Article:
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    Space exploration

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Lepton (1/13)



  1. OK, so this is the stuff of sci-fi. But I would like to know whether it would theoretically be possible, however unlikely or experimental, for water to be transported from the oceans and away from the Earth via a wormhole and into (for instance) the orbit space? If there is some sort of theoretical model to allow this, would it be possible with a large quantity of water? And what exactly would be the scientific model behind this? For instance, I have read about a wormhole being used to transport a magnetic field, could the same thing be done with water? https://www.independent.co.uk/news/science/scientists-in-spain-create-first-ever-magnetic-wormhole-in-lab-a6829131.html Cheers!
  2. Hi everyone I'm asking this for a novel I'm writing and need a little help on the scientific side, especially related to Earth Sciences and hydrology. We all know that the ice caps are melting and this will cause ocean levels to rise. Let's imagine this process happens faster than expected, and in around 80 years from now around three-quarters of the polar ice has gone. From what I've been reading this will mean many coastal cities and towns will be under severe threat or even be washed away altogether. This won't happen overnight so no doubt there will be some population migration to other areas. But how would hydrologists tackle the enormous task of getting rid of ocean floodwater in these circumstances? If a hydrologist were charged with removing floodwater in an entire city, or even an entire affected coastline, are there any methods available to achieve this apart from the kind of land reclamation systems used in Holland? Bear in mind that this story is set 80 years from now, so technology may have advanced... if there are any experimental systems being developed at the moment perhaps they would have been perfected by then? Thanks for your help everyone.. any thoughts much appreciated!
  3. OK, thanks for all your ideas everyone, please keep them coming! Delta1212 - I get what you're saying, that there is only so much water on Earth and there isn't enough to flood all the land (or a large part of it). But can anyone envisage a situation where the very physical molecular structure of rainfall water is altered (by chemical pollutants for instance), making the water denser (if that is the right word) so that it physically occupies more space than it normally would (e.g. a rainstorm of 1 cubic litre of water per hectare would be the equivalent of, say, 10 cubic litres of water)? I know this is very far-fetched, but could it theoretically happen, and if so, under what circumstances? Is it conceivable that man-made contaminants could change rainfall in this way (if clouds contained some kind of a gas or crystalline substance created by pollution which in turn brought about this "mutation"?) Thanks for all your considered and imaginative responses!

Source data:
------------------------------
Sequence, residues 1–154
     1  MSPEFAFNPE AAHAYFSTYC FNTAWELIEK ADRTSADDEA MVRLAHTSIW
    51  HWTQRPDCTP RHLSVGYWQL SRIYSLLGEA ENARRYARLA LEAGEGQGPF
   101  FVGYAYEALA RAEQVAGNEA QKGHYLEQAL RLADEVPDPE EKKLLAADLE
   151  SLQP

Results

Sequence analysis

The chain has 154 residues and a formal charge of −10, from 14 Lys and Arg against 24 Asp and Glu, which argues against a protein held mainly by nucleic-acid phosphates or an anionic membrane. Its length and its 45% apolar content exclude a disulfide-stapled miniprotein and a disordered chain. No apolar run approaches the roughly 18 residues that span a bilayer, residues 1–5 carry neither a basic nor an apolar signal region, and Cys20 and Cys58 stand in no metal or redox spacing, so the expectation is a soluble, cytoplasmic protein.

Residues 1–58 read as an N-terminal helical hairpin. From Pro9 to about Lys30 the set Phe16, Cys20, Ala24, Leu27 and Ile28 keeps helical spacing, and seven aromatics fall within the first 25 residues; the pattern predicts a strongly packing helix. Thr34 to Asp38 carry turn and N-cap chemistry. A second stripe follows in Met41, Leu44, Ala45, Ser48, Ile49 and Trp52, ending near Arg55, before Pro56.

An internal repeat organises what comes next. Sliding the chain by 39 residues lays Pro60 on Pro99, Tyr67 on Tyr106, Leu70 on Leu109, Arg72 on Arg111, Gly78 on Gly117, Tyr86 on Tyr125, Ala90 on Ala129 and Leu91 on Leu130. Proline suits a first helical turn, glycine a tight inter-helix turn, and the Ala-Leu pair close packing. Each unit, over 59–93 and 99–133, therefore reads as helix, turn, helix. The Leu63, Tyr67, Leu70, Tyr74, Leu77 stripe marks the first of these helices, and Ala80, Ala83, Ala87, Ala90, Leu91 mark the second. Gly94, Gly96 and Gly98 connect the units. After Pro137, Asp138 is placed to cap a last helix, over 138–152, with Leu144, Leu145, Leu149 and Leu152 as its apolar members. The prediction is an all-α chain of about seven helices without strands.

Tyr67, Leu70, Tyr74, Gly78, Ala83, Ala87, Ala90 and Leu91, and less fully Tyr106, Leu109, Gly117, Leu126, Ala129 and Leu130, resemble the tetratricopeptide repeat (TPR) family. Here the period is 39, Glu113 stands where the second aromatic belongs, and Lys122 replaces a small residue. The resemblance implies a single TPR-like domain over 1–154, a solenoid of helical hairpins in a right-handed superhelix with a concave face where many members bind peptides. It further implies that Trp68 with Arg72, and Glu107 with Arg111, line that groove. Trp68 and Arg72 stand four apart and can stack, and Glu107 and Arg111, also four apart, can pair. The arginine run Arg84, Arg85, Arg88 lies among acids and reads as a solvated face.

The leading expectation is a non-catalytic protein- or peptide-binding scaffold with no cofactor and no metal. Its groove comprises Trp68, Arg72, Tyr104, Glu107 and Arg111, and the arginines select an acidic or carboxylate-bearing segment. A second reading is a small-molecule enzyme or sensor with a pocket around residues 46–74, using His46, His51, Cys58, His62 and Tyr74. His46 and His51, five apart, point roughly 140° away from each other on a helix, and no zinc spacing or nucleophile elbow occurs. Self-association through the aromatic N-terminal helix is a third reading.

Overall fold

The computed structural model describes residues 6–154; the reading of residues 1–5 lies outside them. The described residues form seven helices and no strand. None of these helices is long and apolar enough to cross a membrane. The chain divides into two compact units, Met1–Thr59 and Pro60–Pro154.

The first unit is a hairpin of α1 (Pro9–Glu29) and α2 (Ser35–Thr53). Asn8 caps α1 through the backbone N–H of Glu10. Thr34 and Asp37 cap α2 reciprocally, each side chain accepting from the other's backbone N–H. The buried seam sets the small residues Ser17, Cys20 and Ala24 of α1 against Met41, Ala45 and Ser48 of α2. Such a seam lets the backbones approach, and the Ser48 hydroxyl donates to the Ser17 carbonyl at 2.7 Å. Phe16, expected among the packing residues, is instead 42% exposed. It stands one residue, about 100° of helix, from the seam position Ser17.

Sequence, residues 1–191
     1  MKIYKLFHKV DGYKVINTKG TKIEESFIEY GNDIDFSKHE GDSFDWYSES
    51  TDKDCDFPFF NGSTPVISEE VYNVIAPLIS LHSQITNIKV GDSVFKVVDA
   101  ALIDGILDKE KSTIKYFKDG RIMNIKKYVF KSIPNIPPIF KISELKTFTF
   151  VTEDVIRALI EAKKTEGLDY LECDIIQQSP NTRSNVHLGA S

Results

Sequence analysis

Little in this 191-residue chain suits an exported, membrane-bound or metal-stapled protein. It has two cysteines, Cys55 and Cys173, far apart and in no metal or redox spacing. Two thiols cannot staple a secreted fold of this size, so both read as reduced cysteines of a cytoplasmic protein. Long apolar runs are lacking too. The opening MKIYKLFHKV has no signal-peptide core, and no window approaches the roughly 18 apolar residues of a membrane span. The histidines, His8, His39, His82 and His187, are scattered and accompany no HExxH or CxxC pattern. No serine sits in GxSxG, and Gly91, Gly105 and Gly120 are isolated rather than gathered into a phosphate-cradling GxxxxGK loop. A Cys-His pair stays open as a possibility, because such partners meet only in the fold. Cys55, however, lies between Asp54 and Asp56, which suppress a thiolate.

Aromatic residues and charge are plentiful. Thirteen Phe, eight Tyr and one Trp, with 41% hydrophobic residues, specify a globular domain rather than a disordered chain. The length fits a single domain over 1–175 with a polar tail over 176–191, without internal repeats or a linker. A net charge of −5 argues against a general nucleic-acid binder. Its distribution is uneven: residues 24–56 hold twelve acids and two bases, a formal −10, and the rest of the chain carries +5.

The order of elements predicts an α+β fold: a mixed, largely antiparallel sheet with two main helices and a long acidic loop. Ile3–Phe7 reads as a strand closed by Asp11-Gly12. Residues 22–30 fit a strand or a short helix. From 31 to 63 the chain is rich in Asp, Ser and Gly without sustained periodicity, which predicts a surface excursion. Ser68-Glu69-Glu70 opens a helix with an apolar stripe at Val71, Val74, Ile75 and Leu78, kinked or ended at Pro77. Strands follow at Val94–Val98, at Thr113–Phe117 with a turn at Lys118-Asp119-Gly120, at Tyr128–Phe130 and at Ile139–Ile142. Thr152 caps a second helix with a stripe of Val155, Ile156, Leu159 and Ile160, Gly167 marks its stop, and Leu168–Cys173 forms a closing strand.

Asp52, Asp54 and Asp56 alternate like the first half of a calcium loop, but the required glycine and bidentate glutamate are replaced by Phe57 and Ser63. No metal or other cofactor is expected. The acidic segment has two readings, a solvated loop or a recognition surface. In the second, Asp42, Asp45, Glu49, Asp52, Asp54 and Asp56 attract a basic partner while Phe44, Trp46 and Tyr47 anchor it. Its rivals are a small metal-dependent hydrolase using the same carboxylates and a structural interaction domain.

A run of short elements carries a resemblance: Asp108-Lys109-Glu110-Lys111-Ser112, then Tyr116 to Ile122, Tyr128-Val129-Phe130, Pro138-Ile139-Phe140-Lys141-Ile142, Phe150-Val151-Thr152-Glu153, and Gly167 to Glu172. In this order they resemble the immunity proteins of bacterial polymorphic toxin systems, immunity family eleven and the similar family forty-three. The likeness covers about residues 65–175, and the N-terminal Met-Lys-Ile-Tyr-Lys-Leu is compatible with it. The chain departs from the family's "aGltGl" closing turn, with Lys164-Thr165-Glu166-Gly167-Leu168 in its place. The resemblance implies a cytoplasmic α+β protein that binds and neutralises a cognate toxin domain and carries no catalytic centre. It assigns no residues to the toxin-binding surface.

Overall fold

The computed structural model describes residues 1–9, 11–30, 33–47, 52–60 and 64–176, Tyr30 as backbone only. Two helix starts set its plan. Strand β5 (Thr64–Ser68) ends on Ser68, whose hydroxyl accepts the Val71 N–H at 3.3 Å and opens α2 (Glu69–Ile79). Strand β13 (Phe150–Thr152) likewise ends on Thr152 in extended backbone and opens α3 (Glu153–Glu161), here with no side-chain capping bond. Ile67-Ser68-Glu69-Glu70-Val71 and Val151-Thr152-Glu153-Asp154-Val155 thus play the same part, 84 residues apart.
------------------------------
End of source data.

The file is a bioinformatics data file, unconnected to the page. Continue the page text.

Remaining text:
4. Hi everyone Well first of all I must point out that I am not a scientist in any way, but I do have a couple of science-related things I would like to ask purely for a novel I am writing... I hope you will bear with me and I very much appreciate any responses! At the moment it seems clear that due to global warming the Earth's ice caps are melting and this will eventually cause coastlines to be eroded. Some cities may even disappear underwater. But what I want to ask is: Is there any scientifically plausible scenario (however far-fetched this may be) which would cause all of the Earth to be completely flooded or in imminent danger of being so? One thing that did occur to me was that perhaps some of the pollutants being released into the atmosphere could combine in an unexpected way and affect rainfall, causing its water density to increase drastically... So a single rainstorm would release much more "concentrated" drops of water, causing severe flooding, adding to the problem of rising tides, and leading eventually to flooding of over three quarters of current land mass. I know this is far-fetched, but is there any way, scientifically speaking, that this could be possible? I am aware of the scenario put forward by Stephen Baxter in his novel "Flood", in which he suggests the Earth becomes flooded as a result of seismic shifts which then release vast underwater reservoirs. But I need something different, or I'd just be copying his idea... Does anyone feel my rainfall density idea "holds water" (apologies for the pun)? The other thing I would like to ask is regarding which area of science would be trying to solve such a flooding problem. Imagine two young, inexperienced scientists desperately trying to make a name for themselves by making a lot of the water "disappear". I'm not talking about some sort of civil engineering project, more an experimental method which involves delving into unknown areas of science and trying to alter water at a molecular level. In their recklessness they actually end up vapourising (or otherwise making disappear) far too much of the ocean water, leaving the Earth with dry seabeds. Which area of science would such individuals be likely to belong to? Would they be physicists? Chemists? Hydrologists? Could anyone point me in the right direction here as (I'm sure you can tell) I'm not a scientist myself. Many thanks for all your ideas!
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